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Period Party successes lead to ask for free products in Picton public washrooms

Ramona Roblin, 9, lead this year’s Period Party fundraiser and awareness campaign.

UPDATE: Council asked for a staff report exploring the possibility of providing products in community facilities.

APRIL 4: Nine-year-old Ramona Roblin will join Alison Kelly to share with council good community news about this year’s Period Party and seek support to provide free menstrual products in all public washrooms in Picton.

Established in 2018, PEC Period Party is a community project that seeks to raise awareness on period poverty, fundraise for essential hygiene products and create a safe space for menstruating people to normalize talking about menstrual health.

In February, at three donation locations – Kelly’s Shop, 555 Brewing Co., and Midtown Brewery – more than $10,000 in products were donation along with more than $2,000 in cash.

Products were donated to the two local school boards, the Picton library, ROC Youth Centre, the Prince Edward Fitness and Aquatic Centre, Prince Edward Learning Centre, the Mohawks of the Bay of Quinte, Ukraine Donation drop-off.

Four coin-free machines and additional products were donated to Prince Edward Collegiate Institute (two), Athol-South Marysburgh and CML Snider public schools.

As part of her community awareness, Ramona presented a speech to her Grade 4 class at Albert College on period poverty, participated in two interviews on radio 99.3 County FM and appeared in local media. She and Kelly were also asked to speak at the Hastings Prince Edward District School Board Equity and Inclusion Advisory Committee meeting.

Letters of support to end period poverty were shared from Alternatives for Women, the Prince Edward Learning Centre, Loyalist College, The HUB Child and Family Centre and the Picton BIA.

Darlene Thompson, executive director of the ROC Youth Centre, adds her support, noting the charity serves many youth who are marginalized through several systemic circumstances “with 70 per cent identified as living in low-income homes”.

The ROC, she notes, has also helped provide hygiene products through campaigns.

“Youth members tell staff that it’s a relief for them to have these available free, especially with our members being full-time students and with their families facing financial barriers.”

The Prince Edward Learning Centre also wrote a letter of support.

“We know first-hand that for those who are low-income or homeless, menstrual products are unaffordable and may not be easily accessible. This has been particularly challenging during the COVID-19 pandemic,” said Maureen Adams, chair of the PELC board of directors. “This is an important initiative that we encourage the PEC council to support.”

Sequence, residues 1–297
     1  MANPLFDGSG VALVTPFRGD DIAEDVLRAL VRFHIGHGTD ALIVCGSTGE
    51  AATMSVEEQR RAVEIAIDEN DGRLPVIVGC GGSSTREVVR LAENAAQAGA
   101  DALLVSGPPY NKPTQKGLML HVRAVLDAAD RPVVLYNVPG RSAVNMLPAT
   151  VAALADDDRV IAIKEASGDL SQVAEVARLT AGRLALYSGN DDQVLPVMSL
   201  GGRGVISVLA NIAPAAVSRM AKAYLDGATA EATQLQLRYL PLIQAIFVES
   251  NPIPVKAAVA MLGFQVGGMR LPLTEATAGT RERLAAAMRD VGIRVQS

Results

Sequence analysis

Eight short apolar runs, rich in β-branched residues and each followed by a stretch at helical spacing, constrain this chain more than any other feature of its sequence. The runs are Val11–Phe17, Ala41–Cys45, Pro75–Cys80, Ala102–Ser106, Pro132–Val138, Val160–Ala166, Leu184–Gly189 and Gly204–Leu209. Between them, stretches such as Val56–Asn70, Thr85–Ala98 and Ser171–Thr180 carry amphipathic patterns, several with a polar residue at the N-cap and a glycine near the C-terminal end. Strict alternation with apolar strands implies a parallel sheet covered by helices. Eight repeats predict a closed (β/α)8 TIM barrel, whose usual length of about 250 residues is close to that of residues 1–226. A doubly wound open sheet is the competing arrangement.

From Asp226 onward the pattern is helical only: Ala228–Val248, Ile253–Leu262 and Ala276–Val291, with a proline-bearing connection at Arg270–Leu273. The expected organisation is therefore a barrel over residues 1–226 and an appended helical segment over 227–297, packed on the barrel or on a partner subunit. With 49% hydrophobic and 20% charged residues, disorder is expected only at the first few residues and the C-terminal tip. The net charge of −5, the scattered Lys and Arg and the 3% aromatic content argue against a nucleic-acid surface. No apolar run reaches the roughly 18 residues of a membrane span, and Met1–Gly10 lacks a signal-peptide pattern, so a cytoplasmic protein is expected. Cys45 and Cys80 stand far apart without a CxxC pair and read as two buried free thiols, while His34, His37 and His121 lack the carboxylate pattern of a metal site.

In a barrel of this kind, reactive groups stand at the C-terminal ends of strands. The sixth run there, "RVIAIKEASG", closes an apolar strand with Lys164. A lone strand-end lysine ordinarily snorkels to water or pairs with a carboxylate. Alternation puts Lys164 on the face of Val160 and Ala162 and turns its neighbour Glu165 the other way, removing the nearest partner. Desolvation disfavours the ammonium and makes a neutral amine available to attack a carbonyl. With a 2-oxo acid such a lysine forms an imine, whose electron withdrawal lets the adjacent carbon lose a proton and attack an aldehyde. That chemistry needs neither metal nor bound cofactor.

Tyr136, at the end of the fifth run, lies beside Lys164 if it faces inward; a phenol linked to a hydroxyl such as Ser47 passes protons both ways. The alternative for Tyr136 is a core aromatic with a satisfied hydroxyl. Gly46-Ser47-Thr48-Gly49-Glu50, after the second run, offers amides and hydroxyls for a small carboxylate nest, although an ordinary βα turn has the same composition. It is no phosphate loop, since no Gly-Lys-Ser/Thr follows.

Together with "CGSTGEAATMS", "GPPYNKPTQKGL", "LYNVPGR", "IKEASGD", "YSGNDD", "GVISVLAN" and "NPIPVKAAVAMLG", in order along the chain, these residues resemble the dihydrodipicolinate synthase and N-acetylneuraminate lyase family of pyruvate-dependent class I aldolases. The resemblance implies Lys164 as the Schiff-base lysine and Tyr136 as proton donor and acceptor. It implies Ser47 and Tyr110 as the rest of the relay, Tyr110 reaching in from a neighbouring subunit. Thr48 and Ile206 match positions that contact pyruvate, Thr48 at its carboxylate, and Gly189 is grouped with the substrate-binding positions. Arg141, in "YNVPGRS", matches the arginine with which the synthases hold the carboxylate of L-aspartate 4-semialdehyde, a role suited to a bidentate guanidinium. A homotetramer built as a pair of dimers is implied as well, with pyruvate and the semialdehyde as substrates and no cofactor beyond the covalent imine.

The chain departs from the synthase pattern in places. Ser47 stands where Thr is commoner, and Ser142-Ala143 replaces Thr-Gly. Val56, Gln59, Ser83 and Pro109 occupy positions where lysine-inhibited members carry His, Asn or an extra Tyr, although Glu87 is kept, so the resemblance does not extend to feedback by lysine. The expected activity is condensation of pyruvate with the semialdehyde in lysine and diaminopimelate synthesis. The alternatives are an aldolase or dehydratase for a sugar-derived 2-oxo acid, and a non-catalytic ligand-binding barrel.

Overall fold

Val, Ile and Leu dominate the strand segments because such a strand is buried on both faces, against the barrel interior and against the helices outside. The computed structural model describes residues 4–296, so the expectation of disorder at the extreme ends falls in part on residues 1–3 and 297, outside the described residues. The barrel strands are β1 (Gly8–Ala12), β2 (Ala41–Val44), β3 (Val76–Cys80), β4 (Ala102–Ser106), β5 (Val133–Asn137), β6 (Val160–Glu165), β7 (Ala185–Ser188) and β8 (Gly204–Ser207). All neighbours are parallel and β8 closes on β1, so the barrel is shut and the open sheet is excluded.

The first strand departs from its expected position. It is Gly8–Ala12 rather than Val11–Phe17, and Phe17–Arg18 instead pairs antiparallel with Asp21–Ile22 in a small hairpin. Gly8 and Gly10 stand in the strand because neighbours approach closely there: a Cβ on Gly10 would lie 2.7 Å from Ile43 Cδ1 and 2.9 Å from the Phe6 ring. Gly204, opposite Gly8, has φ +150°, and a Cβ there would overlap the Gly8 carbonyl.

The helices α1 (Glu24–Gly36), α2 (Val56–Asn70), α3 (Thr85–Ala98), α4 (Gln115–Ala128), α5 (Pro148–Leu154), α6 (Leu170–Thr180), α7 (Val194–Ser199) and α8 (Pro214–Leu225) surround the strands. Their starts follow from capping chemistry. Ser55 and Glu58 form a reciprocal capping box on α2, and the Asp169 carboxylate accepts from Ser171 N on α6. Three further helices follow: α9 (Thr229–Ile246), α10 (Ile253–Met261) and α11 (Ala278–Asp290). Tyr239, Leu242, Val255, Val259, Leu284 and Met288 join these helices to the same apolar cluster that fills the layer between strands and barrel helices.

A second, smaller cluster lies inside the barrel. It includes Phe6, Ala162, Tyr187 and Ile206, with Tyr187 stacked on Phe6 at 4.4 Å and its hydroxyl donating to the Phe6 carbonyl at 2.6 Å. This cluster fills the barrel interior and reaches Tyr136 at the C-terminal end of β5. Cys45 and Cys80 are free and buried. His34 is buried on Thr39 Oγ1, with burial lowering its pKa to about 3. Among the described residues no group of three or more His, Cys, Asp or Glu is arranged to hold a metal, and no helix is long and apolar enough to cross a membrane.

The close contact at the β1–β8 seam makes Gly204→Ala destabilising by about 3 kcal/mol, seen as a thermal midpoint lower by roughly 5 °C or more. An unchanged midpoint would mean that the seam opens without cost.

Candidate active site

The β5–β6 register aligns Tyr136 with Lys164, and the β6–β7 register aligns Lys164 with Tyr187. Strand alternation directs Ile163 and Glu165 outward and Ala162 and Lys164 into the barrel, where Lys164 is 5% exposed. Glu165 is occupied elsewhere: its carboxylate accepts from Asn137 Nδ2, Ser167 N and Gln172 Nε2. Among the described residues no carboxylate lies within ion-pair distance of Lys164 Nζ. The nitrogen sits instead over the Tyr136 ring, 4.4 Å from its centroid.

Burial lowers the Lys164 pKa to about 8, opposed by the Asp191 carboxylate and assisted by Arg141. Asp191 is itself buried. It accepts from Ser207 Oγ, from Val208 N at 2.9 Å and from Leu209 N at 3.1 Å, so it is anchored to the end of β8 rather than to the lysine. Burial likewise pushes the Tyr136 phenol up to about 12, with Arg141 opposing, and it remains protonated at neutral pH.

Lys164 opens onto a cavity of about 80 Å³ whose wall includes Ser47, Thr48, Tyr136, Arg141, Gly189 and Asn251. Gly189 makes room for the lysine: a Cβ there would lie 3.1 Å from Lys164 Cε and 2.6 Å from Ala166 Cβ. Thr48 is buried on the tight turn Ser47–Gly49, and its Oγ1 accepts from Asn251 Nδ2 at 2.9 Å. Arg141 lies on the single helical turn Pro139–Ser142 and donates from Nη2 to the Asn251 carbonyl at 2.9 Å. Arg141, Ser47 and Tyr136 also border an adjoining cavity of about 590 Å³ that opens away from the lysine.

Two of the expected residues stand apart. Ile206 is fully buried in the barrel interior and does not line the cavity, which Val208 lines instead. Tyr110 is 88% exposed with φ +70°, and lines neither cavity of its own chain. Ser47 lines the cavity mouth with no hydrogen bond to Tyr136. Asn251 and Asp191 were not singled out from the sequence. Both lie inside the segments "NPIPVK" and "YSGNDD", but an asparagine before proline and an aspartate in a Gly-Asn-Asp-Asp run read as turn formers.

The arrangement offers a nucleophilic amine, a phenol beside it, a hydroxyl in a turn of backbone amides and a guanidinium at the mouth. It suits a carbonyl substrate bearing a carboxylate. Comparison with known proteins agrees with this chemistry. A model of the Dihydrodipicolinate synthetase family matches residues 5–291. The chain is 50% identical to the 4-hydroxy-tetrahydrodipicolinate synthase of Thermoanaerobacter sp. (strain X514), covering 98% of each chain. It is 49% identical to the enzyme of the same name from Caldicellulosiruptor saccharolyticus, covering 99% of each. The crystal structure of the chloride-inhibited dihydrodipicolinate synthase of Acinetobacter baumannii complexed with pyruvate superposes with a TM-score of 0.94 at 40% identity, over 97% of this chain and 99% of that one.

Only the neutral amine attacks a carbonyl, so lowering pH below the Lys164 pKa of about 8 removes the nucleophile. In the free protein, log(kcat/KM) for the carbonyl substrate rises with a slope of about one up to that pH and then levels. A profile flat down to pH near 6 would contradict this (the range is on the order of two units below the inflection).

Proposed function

Susan Quaiff, executive director at The HUB, adds that the child and family centre, primarily employing a female workforce, “knows all too well the costs association with having a menstrual cycle can be expensive. Providing this resource to the community in the downtown core public restrooms is a great way to support those in need who cannot afford these products.”

Alexandra Bake, vice-chair of the Picton Business Improvement Association, writes that there is increasing awareness that not all residents are thriving within the community, and period poverty is real.

“Addressing the needs of all female constituents providing essential basics, free-of-charge, to anyone that needs them, embraces the inclusive foundation of our community with forward-thinking actions for our whole downtown area, and the entire County.”

“As a leader in a post-secondary institution, providing such products free-of-chare could mean the difference between a student attending school on any particular day, and staying home. The choice is an easy one, requiring little debate,” said Sean Monteith, senior vice-president academic and chief learning officer at Loyalist College, in his letter of support. “Whether the incentive is to remove stigma, remove a potential barrier, or address underlying social accessibility considerations, the fact of the matter is that providing free menstrual products is not just a low-cost, high-benefit action, but also an ethically responsible one as well.”

Council meets Tuesday at 7 p.m.

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  1. Alison Kelly says:

    Thank you for sharing this great news!

    For those who tuned in, it’s important to note that Ramona’s speaking parts were from the public speaking speech she did for her grade 4 class at Albert College. There was no adult intervention at all. Just adult helpers.

    Well done, Ramona!!

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